Cheap African solar energy could power UK homes
Oct 20, 2014 - Matt McGrath - bbc.com
|An impression of what a large-scale
concentrated solar power facility might look
like in the Tunisian desert
Investors are seeking funding
from the UK government for an ambitious plan to import
solar energy generated in North Africa.
Under the scheme, up to 2.5 million UK homes could
be powered by Tunisian sunshine by 2018.
The company involved says they have already spent
10 million euros developing the site.
A number of overseas energy producers are competing
to bring green energy to the UK from 2017.
The TuNur project aims to bring two gigawatts of
solar power to the UK from Tunisia if the company
wins a contract for difference (CFD) from the British
Under new rules published by the Department for
Energy and Climate Change (Decc) in the Summer, the
government will allow developers of renewable energy
projects that are not based in the UK to bid for
contracts that guarantee subsidies to supply power.
|The plan involves focussing
the rays of the Sun on a central tower
TuNur, which is a partnership between British renewables investor Low Carbon,
developer Nur Energie, and Tunisian investors, says it has already spent 10
million euros developing the site in the southern area of the country.
The company has gathered three years of solar data from the location, which
it says has been independently verified.
Legislation has also been passed in the Tunisian parliament to facilitate
the export of the energy, and an agreement has been reached with the Italian
network operator to connect a dedicated undersea cable to a substation near
"This is not a back-of-the-envelope fantasy," Kevin Sara, chief
executive of TuNur told BBC News.
"We are working with some of the largest engineering firms in the world.
This is a serious project. Yes, it is risky like any big energy project is
"But there is nothing new about moving energy from North Africa to Europe."
The company argues that existing gas pipelines from Algeria that run through
Tunisia have operated without a glitch through the turbulence that has followed
on from the Arab Spring.
Their plans involve using concentrated solar power (CSP) technology. This
allows the developers to store some of the energy generated so that the supply
is "dispatchable". It can be switched on or off on demand.
The company involved says its electricity supplies will be secure, and 20%
cheaper than home-grown sources, such as offshore wind.
Continue reading the main story
Desertec was a German initiative to develop a large-scale solar project in
North Africa, enough to provide 15% of Europe's energy by 2050. Backed by multiple
partners, the idea required funding of up to 400bn euros, which proved to be
a struggle. In recent days, most of the original shareholders decided to quit.
"We were an associate member for several years and we withdrew about
the same times as Siemens and Bosch, as they weren't really going anywhere," said
TuNur's Kevin Sara.
"Everyone was pushing them in different directions; there was management
turmoil; they weren't helping us or our cause.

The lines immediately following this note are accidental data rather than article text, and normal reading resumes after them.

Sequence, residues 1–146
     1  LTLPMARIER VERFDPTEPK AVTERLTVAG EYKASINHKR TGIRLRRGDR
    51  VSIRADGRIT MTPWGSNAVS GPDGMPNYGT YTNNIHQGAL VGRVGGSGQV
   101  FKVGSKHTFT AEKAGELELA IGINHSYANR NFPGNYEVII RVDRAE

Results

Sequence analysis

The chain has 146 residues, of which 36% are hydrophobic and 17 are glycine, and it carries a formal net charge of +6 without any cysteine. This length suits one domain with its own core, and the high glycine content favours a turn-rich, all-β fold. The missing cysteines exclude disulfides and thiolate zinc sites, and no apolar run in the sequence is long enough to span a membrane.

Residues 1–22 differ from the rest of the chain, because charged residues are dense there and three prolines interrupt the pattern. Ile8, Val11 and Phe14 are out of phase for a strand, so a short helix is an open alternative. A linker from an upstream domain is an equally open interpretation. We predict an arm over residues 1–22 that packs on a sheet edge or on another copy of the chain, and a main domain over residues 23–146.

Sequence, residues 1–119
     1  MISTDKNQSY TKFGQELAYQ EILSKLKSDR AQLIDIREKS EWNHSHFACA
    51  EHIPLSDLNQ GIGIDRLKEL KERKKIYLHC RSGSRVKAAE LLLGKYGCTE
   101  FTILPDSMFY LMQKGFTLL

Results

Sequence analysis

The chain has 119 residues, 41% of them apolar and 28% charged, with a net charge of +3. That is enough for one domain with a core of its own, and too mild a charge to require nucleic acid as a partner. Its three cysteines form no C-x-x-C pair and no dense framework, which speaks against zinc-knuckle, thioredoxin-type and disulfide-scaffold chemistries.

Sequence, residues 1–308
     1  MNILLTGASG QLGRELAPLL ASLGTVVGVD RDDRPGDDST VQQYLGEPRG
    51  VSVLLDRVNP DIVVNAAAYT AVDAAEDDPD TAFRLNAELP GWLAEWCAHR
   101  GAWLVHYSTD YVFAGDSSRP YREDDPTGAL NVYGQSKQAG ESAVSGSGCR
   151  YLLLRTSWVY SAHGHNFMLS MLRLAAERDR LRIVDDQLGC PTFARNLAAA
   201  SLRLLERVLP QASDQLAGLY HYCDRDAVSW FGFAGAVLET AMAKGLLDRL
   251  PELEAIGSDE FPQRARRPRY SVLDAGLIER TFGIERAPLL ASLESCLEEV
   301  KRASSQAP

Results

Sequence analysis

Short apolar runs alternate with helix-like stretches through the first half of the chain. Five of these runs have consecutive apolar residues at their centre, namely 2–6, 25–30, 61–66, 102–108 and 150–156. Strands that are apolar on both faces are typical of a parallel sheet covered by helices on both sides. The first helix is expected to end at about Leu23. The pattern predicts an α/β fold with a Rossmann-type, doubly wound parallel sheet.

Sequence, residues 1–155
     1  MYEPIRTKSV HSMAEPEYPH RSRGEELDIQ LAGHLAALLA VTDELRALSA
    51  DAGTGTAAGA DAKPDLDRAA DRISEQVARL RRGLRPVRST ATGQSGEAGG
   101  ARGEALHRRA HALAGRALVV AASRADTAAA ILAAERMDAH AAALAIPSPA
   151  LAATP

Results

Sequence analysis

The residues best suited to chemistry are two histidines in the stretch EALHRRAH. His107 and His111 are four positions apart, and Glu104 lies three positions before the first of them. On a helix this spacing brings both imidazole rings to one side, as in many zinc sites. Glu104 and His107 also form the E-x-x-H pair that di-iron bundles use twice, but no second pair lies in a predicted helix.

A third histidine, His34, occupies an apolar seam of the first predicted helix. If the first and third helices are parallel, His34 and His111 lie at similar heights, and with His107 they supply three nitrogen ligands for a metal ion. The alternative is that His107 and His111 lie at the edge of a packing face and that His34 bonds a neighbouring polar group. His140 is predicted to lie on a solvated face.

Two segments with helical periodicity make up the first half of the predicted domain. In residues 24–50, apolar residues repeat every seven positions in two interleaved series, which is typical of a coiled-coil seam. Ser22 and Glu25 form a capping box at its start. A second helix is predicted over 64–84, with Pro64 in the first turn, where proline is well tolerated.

"We have a singular project, which we are trying to realise. They were
an industrial consortium that was trying to develop an idea."
"We are able to deliver dispatchable, low-carbon electricity to the UK
more cheaply than offshore wind and more cheaply than nuclear - all we're asking
for is the chance. Allocate us 2GW and let's see what we can do with it," Mr
The government, while set to open the bidding process for energy projects
outside the EU, is not rushing to embrace the Tunisian idea.
"In order to reduce costs for British consumers, any future non-UK project
would need to compete on cost effectiveness with projects in the UK before
being allocated a contract for difference," a Decc spokesperson told BBC
"This means that British consumers get the best deal, no matter where
the electricity is generated."
And the government is clear that if the Tunisian project did go ahead, the
energy would have to be exclusively for use in the UK.
"We expect that all electricity generated by any non-UK projects will
be used in the UK," the spokesperson said.
|The plan involves building
an undersea cable to Italy to connect to the
The UK solar industry is also keen to pour some cold water on the African
It argues that many British-based developers have been hurt by government
cutbacks of an existing subsidy called the Renewables Obligation.
The added confusion caused by foreign bidders for future contracts is unwelcome,
according to Seb Berry from Solarcentury.
"The very last thing we need is the additional medium-term uncertainty
that would be created in the early years of the next Parliament from any decision
to push on with opening up the CFD scheme and Levy Control Framework budget
to foreign projects."
In 2013, the Irish government signed a memorandum of understanding with the
UK to facilitate the export of wind energy.
But in the face of stiff opposition from locals, angry about the prospect
of thousands of wind turbines on the flat lands of the Irish midlands, the
government in Dublin dropped the plan.
Another project that has been mooted is a connection from Iceland that would
see hydro-electric power imported by an undersea cable over 1,000km in length.
However, there is no agreement at present on who might pay for this connection
according to Bjorgvin Sigurdsson, from Landsvirkjun, the National Power Company
"We are looking into the feasibility of such a cable, but no decision
has been made yet - but it looks as if it could be a viable option for Iceland
and the UK," he told BBC News.
"We expect to spend another two to three years before we can make a final
investment decision," he added.
"It could only be operational by 2024."
Follow Matt on Twitter @mattmcgrathbbc.
Read the orginal article: http://www.bbc.com/news/science-environment-29551063